Prayer & Worship Buying hand-painted icons


Where is a good source to buy hand-painted Orthodox icons? A web search did reveal several sources but I wonder if there are any other recommendations...



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There are some USA-based Russian Stores/Shops that sell items from Russia. You will find some nice hand-painted icons.

Edit. Off topic...check out this cool cookie cutter tool to bake your own cookies, cake, etc.


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He prays and fasts during the painting of each icon and makes his own paint according to traditional methods:



I would visit any city or area that has a small to medium sized Russian community. They usually have small shops that sell Christian figurines and small religious statues. There is a small Russian community in the Midwest city where I live and at one time a few years back, they actually had a store that sold those types of items. They had some very interesting items . Sadly, the store is now out of business.


Another option: find an artist who is Orthodox or Catholic and email them asking for a comission. Or ask around. I've taken up a new practice myself where every Christmas I paint a new statue which is rotated between family members as a gift.


As an artist, I’m born with the odd ability to paint my own icons, should I chose to do so. However, any fine art is time consuming, and unless I feel I’m called by God to do religious artworks (or any artworks—political editorial artworks), then I don’t veer from my existing portraits and projects.

Most icons are done with multiple transparent layers of egg-tempera on wood panel, gradually building a deeper color. A coat of translucent white is then laid overtop, giving the saint’s portrait opacity (this can be changed if the saint was of a dark-skinned extraction). Finally, highlights and shadow details are laid over this.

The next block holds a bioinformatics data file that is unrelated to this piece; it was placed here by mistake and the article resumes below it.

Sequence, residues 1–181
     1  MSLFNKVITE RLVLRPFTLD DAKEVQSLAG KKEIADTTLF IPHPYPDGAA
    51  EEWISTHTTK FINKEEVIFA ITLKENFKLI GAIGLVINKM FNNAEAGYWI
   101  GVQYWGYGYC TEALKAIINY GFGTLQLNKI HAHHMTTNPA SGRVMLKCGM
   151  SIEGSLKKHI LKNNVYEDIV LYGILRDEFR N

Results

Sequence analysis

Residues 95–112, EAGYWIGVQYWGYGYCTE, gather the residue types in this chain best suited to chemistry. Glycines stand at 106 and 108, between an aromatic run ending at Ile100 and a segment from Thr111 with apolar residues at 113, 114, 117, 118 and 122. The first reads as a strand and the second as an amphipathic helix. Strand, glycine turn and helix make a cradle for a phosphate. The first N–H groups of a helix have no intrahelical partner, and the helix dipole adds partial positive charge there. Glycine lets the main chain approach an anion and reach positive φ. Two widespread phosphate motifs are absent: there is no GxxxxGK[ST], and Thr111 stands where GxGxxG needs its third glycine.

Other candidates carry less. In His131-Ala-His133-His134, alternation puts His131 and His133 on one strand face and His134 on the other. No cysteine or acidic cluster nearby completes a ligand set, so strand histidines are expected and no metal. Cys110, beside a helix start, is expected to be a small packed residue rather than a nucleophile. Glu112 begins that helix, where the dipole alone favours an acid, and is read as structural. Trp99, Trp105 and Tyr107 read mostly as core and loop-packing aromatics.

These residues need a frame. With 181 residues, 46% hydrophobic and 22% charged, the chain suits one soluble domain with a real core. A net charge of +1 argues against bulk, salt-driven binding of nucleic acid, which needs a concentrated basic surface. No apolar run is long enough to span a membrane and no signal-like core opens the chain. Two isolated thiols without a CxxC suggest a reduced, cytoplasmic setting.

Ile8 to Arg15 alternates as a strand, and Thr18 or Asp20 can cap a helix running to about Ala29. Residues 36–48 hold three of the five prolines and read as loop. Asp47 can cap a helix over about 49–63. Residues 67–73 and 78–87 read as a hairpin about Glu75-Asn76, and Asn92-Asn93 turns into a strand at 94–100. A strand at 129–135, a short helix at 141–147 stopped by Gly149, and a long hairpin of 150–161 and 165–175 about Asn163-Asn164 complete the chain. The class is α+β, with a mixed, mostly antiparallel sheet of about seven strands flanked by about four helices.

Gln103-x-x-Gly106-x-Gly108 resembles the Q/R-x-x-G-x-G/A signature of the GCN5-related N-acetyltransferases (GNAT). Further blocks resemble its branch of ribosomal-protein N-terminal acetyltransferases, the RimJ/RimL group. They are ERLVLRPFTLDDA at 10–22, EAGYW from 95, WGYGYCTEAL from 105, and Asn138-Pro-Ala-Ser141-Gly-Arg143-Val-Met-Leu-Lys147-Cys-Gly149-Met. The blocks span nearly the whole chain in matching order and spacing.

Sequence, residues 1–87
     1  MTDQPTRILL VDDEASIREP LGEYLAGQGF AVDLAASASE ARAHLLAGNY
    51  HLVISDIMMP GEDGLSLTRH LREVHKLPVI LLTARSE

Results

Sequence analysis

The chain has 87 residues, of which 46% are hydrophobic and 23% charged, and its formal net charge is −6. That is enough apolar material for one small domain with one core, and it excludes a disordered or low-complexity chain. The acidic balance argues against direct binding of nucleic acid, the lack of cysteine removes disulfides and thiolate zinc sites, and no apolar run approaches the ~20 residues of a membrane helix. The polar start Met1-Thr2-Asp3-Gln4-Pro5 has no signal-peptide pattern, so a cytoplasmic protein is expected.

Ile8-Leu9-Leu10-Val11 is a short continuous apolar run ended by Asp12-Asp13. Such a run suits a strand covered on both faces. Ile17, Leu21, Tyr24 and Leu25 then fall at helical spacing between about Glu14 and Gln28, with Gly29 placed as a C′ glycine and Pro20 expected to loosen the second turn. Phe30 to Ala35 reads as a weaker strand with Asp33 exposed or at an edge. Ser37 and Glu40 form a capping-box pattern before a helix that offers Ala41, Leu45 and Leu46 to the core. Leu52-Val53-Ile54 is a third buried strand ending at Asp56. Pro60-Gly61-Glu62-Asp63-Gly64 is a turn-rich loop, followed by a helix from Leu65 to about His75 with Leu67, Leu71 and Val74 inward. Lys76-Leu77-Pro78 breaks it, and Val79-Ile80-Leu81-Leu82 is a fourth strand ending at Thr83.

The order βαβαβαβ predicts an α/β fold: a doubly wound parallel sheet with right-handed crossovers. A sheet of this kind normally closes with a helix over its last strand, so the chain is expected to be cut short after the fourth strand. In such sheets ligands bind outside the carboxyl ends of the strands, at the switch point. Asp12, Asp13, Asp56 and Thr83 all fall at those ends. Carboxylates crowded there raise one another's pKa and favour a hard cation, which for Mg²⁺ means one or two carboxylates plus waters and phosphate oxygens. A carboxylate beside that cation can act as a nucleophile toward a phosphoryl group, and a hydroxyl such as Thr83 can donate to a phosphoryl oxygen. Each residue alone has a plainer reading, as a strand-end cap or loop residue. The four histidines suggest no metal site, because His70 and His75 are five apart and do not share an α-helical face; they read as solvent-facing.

Traditional icon painting in an Orthodox convent:

I prefer the work of this iconographer. I like how he geometrically highlights the slender folds of the Theotokos’ holy garment, and then even adds crystal-like shards of light to the face and the hands:

A little less sleepy than the ones done by the nuns. Interesting, yet not irreverent.

I do have an oil painting of the holy mother and child I’m working on, but she’s not an icon, nor even made to look like one. Nonetheless, I found myself buying a small bag of “premium gold leaf flakes” when I was at the art store, and I may just do the halos in these (that, or the trim of her garment—or both).

Gold flake creates a surface that seems like rippled water, whereas gold leaf creates one like still water. I think the rippled effect will work better with my naturalized Mary.

Let me also say something about the longevity of fine artworks, including icons.

We live in a dimension where all man-made things wear out. The pyramids of Giza seem to be the oldest architectural structures in existence, yet up close you notice their gigantic external stones are cracking and disintegrating, starting to look like indistinct boulders.

The same with icons. “Lasting a long time” isn’t the same as being eternal. Over decades the egg tempera will absorb the soot of sanctuary candles, darkening the saint’s portrait and eventually turning the whole thing black. It’s not uncommon to see centuries-old icons that look like solid black silhouettes, everything shadowed except the gold leaf (or silver leaf).

Ergo, if you can accept the temporariness of man-made things you’ll be more content than those who can’t (or at least you’ll stop expecting artists to create works that last a million years, which is impossible).